Photo courtesy Twitter
Earlier this year, a shocking video which captured a dog named Cholito being brutally beaten to death by a woman and three others outside a gallery on Patronato went viral sparking demonstrations, petitions, and complaints against those responsible for the dog's murder. In just one day, a petition on Change.org gathered more than 40 thousand signatures.
April 12, 2017 marked a monumental step forward for those fighting hard to protect Santiago's dogs with the passage of the Ley de Tenencia Responsable, a new legislation referred to by many as the "Ley Cholito."
The law is defined as "the set of obligations contracted by a person when deciding to accept and maintain a pet or animal companion." These obligations include, among other responsibilities, registration with the competent authority, providing it with food, shelter, good treatment, veterinary care essential to its well-being, and not subjecting it to suffering throughout its life.
Photo by Lauren Fay
A registry will be created of each person who owns an animal. In addition to education for the responsible pet ownership, and the aim of controlling their population without damaging the animals themselves, municipalities will be tasked with generating an ordinance of tenure, assisting abandoned animals, and delivering them to foundations that welcome them and look for a new owner. Legal penalties will be imposed against those found attacking, causing death to, or abandoning animals.
However, while some consider Chile's stray dog population a problem for laws or organizations to solve, others accept quiltro as part of the local culture. In fact, massive groups of people have taken to the streets to protest previous attempts by the government to enact more severe dog population control laws. There is a common sentiment among many of Santiago's residents that the quiltro "no son de nadie, son de todos." In other words, they belong to the community rather than to individuals.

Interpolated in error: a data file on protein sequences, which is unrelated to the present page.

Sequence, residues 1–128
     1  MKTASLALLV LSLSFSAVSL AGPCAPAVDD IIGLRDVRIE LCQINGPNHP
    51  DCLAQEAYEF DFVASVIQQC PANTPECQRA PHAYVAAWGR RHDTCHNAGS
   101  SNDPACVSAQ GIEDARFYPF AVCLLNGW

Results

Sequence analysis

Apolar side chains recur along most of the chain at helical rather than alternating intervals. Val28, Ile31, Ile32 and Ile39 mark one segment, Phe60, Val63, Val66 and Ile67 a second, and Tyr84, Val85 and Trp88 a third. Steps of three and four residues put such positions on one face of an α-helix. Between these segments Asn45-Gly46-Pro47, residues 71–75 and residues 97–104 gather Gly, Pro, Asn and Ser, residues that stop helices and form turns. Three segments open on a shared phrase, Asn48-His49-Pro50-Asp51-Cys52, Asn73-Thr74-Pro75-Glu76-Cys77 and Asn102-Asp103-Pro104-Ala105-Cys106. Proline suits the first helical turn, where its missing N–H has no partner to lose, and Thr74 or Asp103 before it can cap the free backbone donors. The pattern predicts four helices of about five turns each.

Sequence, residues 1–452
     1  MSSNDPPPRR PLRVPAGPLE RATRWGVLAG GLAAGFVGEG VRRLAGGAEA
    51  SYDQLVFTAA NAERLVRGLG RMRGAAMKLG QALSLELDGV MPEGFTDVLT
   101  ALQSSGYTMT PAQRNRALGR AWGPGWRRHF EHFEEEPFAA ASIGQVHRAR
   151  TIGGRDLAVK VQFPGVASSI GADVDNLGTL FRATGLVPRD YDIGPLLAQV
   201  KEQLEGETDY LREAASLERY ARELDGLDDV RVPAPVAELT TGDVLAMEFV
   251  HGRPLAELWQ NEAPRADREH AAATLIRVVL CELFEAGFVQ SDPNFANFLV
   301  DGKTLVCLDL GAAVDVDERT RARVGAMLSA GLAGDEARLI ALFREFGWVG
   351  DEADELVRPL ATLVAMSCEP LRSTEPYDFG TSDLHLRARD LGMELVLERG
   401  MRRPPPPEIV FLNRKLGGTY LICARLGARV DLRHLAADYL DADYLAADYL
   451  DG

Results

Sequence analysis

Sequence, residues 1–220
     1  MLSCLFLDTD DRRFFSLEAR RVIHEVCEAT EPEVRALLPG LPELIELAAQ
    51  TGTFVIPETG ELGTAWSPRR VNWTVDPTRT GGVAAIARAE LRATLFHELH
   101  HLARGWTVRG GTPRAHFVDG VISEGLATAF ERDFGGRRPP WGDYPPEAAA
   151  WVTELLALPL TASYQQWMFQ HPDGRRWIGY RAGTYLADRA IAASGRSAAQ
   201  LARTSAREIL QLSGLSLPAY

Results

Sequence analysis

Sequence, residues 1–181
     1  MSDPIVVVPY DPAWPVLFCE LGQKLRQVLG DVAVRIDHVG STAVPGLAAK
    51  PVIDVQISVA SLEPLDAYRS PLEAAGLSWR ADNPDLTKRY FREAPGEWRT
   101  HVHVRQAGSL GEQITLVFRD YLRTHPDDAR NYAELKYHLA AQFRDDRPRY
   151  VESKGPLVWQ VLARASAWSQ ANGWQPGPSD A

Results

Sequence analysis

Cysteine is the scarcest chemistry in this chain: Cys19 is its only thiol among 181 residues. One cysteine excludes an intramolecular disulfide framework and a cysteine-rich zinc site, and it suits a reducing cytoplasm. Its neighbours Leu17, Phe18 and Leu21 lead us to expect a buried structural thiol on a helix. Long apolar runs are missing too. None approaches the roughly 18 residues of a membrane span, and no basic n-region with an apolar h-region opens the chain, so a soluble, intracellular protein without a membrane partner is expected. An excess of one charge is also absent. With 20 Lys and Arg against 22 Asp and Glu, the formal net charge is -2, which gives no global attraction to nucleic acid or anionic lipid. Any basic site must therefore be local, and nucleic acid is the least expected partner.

Photo by Lauren Fay
This shows in ways that range from practical to adorable. Many leave dishes of water on the sidewalk for the dogs. Others take them to the veterinarian for vaccinations or buy them flea collars. Some even knit them sweaters to keep them warm in the winter. Yes, sweaters! Others take them home as pets. Rebecca, a member of our team at Revista Revolver, currently cares for 12 rescue dogs!
In one of the more touching examples of community involvement with the quiltros, Caro Pinda and Felipe Carrasco Guzmán printed sayings on balloons such as "pet me," "play with me," or "don’t leave me," and tied them to quiltros so they would not be ignored. They captured reactions in this video:
If you want to help dogs in need here is Santiago, there are many ways to make an impact! Ñuñoa's Centro de Rescate Canino is open Saturday to new volunteers, so swing by and walk a dog or three! Or better yet, adopt one! You can find them online at:
Alternatively, you can engage in random acts of kindness to any dogs you may encounter on the street. Give them some food, water, a sweater, or even just some love. "no son de nadie, son de todos." In other words, they belong to everyone, so caring for them is everyone's responsibility.
Centro de Rescate Canino